FCRC shall enter into discussions with NYCDOT to determine the extent of FCRC’s financial responsibility for the traffic enforcement agents (“TEAs”) required to manage traffic flow for major arena events and shall comply with the terms of any such agreement with NYCDOT as required by the DOT letter. If necessary to ensure that the TEAs are deployed for major arena events as described in the FEIS, and only in the event that FCRC and NYCDOT do not reach a funding agreement, FCRC shall provide such funding for TEAs as ESDC shall reasonably direct, considering funding arrangements at other sports and entertainment venues in New York City.
In the Response to Comments chapter of the FEIS, the ESDC had been vague about who would pay and how much (see final page):
It is anticipated that on days when a basketball game or other major event is scheduled at the arena, police or traffic control officers would be deployed at key locations to maintain traffic flow and minimize conflicts between vehicles and pedestrians, as is standard practice at many major event venues in the City. The project sponsor is committed to working with DOT and NYPD to ensure that needed resources are available for this purpose.
The RFP states that during the construction period, the developer would pay "the reasonable costs of an environmental monitor" to:
(i) monitor FCRC’s compliance with certain provisions of this memorandum; (ii) review any submittals made by FCRC pursuant to such provisions and advise ESDC with respect thereto; and (iii) provide ESDC with periodic written reports concerning FCRC’s implementation of such provisions. The certain provisions referred to in the preceding sentence are paragraphs: E (with respect to protection of cultural resources near the project site from being impacted by construction on the project site); G.2 (pertaining to Hazardous Materials); I.9 (pertaining to reviewing the effectiveness of any modified design for stormwater management facilities); J.2 (pertaining to reviewing alternative fuels or boiler technologies); J.4 (pertaining to reviewing the location of HVAC intakes in the event that the design of the relevant Project buildings changes from the design subject to air dispersion modeling in the FEIS); K.6 (pertaining to decisionmaking with respect to the funding of TEAs in the event that FCRC and NYCDOT do not reach agreement on this issue); L.2 (pertaining to the adjustment of demand management measures); and N.1, N.2.d, N.2.e, N.2.f, N.3.b, N.3.c, N.3.d, N.3.f, N.4, N.5, N.6 and N.7 (pertaining to construction). The obligation set forth in this paragraph shall cease upon completion of the Phase II buildings.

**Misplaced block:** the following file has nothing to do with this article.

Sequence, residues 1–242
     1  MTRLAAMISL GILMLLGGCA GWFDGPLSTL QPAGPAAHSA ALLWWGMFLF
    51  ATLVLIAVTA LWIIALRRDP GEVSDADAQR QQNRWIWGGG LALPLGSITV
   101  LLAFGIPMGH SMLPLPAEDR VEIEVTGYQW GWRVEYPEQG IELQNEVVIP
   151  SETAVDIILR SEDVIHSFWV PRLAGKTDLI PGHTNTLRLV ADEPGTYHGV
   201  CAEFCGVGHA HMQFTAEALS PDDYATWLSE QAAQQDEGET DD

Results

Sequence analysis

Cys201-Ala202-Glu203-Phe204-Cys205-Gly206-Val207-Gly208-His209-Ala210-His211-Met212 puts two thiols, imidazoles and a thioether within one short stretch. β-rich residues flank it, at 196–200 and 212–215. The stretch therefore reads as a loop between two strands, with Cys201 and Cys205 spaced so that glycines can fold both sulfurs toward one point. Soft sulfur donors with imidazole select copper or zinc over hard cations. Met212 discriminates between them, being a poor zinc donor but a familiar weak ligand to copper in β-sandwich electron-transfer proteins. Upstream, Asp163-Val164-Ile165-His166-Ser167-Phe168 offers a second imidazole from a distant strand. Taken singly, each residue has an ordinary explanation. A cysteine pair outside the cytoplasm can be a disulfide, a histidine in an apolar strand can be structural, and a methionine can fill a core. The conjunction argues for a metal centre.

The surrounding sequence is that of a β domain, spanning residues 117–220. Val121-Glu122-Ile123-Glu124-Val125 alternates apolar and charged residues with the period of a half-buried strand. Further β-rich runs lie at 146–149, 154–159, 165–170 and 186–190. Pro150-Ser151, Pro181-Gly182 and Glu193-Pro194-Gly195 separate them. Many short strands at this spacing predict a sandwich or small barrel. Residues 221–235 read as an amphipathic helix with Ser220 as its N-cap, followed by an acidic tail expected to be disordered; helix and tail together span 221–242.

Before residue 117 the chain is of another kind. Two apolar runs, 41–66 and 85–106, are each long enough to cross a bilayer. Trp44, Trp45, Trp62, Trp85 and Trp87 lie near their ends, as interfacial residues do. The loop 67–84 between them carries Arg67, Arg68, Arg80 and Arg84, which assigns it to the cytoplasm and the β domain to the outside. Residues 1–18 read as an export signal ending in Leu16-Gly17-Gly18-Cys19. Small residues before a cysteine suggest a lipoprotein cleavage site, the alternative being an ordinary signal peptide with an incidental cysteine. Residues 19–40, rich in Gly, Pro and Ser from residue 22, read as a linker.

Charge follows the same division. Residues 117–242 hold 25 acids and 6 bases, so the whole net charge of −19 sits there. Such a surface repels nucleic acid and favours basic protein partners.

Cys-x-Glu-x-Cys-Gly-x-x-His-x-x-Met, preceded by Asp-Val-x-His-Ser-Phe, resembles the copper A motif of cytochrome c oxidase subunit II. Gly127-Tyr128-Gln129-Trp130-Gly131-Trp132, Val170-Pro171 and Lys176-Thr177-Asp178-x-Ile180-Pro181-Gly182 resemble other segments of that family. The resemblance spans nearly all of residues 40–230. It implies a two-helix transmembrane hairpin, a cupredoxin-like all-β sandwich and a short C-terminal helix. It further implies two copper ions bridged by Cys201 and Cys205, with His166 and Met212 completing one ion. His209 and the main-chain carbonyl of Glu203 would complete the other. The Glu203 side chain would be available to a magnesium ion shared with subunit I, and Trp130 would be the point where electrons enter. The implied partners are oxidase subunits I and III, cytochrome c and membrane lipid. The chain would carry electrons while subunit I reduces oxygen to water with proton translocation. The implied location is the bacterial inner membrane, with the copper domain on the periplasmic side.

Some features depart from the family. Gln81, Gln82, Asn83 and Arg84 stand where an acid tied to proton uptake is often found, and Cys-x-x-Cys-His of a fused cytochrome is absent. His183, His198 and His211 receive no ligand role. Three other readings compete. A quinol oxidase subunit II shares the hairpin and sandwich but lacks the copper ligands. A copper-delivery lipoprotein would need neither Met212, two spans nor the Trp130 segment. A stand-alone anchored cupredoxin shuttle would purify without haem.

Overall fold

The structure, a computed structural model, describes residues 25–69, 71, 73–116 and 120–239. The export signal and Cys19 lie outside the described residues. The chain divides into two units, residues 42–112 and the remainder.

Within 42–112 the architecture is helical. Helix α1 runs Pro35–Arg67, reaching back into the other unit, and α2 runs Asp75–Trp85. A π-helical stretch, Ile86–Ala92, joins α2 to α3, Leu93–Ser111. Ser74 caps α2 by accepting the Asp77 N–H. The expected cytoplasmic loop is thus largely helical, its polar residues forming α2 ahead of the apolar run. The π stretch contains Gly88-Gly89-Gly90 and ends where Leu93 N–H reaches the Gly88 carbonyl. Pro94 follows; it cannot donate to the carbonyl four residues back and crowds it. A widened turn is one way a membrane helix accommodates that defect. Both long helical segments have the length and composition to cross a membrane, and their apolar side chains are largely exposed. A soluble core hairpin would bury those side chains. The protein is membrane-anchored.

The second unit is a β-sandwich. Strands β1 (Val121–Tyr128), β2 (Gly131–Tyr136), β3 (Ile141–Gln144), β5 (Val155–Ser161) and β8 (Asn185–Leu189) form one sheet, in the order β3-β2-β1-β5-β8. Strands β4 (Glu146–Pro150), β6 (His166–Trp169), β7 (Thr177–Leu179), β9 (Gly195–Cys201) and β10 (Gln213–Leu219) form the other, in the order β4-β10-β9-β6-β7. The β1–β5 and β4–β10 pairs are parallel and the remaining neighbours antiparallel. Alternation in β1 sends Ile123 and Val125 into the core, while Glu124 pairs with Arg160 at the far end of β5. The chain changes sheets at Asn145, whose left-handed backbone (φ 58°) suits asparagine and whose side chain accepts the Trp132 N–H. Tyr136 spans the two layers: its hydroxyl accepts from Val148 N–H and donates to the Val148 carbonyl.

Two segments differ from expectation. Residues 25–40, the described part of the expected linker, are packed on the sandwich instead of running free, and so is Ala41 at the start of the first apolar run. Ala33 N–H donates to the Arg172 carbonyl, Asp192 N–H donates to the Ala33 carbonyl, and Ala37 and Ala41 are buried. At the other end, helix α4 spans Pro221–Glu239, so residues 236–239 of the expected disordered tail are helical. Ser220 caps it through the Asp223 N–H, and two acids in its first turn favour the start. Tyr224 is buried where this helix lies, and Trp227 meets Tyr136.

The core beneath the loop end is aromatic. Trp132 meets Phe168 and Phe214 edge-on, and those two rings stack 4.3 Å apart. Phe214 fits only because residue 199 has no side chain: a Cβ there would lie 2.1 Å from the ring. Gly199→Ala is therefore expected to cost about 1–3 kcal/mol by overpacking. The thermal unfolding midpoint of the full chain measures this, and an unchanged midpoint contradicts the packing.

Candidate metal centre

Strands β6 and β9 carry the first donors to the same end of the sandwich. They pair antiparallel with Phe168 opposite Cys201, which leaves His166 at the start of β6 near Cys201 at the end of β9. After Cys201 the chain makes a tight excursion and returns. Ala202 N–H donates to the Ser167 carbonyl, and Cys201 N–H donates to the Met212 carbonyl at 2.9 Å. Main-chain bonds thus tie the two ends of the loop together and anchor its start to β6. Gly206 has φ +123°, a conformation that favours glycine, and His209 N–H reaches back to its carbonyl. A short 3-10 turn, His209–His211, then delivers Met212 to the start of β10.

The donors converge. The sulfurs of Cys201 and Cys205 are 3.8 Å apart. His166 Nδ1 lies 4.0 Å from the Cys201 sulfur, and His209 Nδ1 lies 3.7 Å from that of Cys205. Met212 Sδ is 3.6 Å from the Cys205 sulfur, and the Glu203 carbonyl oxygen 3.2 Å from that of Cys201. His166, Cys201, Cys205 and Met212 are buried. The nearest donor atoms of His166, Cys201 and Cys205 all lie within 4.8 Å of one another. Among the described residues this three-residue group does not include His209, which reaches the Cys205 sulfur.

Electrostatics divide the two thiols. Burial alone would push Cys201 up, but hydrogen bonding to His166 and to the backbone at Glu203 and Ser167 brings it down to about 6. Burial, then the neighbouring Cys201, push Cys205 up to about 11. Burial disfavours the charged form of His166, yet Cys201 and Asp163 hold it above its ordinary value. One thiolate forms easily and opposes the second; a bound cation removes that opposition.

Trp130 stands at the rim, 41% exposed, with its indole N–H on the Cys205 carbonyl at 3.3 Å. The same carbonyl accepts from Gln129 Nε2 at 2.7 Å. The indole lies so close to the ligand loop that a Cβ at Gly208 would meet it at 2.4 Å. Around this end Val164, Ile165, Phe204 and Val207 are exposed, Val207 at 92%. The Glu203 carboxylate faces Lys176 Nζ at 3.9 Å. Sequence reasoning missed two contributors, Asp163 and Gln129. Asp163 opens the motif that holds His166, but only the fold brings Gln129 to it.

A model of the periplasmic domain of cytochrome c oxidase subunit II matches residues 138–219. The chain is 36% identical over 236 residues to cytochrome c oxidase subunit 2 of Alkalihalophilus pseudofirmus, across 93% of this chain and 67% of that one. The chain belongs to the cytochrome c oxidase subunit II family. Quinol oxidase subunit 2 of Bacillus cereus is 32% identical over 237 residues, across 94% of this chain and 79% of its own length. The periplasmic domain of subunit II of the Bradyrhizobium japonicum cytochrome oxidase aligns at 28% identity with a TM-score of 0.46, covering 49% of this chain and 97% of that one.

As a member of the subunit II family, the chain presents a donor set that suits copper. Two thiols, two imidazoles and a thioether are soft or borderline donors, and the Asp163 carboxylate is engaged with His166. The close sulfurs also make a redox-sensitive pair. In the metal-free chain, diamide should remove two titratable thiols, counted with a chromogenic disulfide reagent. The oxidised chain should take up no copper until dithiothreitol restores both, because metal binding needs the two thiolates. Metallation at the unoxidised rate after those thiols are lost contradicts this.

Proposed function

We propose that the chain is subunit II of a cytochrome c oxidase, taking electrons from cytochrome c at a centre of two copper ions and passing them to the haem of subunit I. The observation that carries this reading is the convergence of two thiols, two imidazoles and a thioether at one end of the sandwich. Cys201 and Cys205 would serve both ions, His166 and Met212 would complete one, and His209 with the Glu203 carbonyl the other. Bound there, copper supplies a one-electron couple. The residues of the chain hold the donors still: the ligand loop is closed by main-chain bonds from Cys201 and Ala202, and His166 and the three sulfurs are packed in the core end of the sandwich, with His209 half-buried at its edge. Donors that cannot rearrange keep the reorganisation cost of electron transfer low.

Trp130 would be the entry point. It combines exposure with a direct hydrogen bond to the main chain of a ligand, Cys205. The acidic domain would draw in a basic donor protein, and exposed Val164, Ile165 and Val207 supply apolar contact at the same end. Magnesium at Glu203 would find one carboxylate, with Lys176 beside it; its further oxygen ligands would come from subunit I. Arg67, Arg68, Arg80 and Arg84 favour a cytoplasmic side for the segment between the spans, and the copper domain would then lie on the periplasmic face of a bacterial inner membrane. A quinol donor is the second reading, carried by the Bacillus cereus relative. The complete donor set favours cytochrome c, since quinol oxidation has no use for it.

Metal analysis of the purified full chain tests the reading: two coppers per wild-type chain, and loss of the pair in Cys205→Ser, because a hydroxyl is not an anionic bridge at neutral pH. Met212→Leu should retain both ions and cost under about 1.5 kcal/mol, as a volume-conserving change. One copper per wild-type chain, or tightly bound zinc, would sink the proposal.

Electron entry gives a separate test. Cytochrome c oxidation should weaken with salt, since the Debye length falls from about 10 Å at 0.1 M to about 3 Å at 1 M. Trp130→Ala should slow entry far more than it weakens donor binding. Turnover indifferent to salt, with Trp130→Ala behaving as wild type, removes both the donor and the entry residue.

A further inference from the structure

What about the CBA?
There's no mention in the RFP about the Community Benefits Agreement (CBA) and signatory Brooklyn Endeavor Experience, which has apparently not set up a Committee on Environmental Assurances to "address short and long term environmental issues."
As noted, the CBA’s environmental committee is limited to the construction phase, but the CBA is toothless. The developer would comply with the agreement “by following the state mandated process.” So much for the historic, legally-binding CBA.